I'm working in the hospital when there is a tap on my shoulder. I turn around and a shy seventeen year old in a blue polo shirt and khaki pants looks out from under his eyelashes and says a quiet "Bonjour Michelle."
Robert lost both of his parents when he was a baby, and I see him at the hospital once a month. He is a good student, having passed all his exams and close to graduating from high school. He comes here because he was born with HIV, passed to him from his mother who died of tuberculosis shortly after he was born.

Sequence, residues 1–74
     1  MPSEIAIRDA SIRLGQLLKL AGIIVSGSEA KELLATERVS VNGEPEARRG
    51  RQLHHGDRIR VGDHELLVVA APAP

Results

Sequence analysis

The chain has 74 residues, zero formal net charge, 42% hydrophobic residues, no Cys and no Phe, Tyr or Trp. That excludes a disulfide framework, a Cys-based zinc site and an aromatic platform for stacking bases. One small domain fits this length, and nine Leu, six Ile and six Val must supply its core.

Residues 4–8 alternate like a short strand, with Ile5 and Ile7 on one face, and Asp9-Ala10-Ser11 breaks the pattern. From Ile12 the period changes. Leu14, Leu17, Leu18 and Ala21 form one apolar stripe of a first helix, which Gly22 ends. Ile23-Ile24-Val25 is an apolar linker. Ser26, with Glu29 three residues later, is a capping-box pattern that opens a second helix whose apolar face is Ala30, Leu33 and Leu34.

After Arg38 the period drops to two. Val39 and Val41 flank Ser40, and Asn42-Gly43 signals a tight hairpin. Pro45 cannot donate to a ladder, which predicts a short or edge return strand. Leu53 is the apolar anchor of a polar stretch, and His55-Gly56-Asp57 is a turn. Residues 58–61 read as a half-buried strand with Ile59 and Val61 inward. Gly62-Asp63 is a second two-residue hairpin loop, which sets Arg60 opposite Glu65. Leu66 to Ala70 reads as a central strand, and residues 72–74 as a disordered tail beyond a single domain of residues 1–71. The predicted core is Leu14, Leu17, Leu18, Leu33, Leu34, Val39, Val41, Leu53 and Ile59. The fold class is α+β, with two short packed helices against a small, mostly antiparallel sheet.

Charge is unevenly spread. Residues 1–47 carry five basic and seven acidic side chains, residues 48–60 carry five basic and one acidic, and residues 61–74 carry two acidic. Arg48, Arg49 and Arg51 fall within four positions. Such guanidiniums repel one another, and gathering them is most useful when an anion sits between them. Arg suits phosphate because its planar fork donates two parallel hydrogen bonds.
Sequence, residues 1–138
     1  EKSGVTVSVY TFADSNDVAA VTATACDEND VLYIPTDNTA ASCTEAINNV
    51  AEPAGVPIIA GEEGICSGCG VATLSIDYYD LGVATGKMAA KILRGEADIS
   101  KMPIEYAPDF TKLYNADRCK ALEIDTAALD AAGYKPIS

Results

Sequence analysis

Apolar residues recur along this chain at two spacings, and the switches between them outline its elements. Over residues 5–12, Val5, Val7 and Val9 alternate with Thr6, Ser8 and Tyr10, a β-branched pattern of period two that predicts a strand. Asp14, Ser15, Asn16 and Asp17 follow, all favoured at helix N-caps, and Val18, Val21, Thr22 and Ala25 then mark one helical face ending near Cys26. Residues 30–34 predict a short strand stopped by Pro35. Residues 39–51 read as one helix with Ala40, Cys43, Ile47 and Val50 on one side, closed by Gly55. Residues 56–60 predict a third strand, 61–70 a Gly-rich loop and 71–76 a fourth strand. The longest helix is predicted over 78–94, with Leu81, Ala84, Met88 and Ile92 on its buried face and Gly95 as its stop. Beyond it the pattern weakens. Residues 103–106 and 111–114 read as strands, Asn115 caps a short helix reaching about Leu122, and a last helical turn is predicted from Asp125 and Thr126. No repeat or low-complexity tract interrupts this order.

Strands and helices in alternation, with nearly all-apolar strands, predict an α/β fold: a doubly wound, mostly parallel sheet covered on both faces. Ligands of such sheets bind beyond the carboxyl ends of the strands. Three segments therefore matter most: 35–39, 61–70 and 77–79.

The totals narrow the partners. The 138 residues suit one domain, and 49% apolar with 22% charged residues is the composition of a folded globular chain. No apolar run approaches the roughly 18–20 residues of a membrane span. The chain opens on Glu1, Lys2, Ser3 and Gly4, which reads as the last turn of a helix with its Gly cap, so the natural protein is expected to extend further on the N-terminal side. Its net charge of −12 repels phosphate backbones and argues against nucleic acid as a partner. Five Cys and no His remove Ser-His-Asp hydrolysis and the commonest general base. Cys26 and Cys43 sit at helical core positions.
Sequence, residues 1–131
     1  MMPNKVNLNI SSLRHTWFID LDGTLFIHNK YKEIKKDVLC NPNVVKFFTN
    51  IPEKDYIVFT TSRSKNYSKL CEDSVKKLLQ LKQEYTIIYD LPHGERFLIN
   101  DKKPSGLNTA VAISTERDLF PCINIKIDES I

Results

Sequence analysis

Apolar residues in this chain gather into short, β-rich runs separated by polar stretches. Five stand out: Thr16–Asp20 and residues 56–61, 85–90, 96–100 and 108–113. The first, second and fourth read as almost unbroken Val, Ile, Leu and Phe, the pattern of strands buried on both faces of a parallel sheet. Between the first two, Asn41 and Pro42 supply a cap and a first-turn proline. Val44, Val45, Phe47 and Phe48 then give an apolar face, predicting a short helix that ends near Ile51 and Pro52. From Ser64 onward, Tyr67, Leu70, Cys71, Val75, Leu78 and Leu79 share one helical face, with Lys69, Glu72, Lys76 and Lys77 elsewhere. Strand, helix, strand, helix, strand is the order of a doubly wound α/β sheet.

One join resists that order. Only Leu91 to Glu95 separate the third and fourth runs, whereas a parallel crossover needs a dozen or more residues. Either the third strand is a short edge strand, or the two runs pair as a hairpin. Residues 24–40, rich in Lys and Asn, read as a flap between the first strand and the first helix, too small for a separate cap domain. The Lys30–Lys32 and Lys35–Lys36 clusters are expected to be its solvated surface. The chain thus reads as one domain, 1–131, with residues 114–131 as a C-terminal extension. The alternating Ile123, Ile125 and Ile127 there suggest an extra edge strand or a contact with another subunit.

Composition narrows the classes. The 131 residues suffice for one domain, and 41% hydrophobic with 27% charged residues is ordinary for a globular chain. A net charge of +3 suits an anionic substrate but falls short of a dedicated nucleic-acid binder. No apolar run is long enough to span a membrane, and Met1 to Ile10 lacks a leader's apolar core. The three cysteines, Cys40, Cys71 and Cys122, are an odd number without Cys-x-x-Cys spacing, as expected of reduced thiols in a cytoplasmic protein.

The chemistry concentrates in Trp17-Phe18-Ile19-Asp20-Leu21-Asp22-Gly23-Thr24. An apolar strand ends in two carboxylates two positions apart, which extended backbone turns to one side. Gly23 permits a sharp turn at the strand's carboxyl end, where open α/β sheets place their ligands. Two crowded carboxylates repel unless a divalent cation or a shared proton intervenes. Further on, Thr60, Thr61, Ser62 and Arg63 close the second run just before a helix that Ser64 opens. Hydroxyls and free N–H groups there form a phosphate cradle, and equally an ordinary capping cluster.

He attends a club for other kids who are on HIV treatment, all thirty of them born with the illness. Several of them are close to graduating high school. Robert told me he would like to become a doctor. Other kids choose mechanics, teaching, and nursing as their future professions. But we all know that their aunts, uncles, and grandmothers don't have the money to send them for advanced college level education, let alone medical school. Nor are there good colleges in their town. Robert is smart and works hard, but I feel like I am lying to him when we talk about his future plans.
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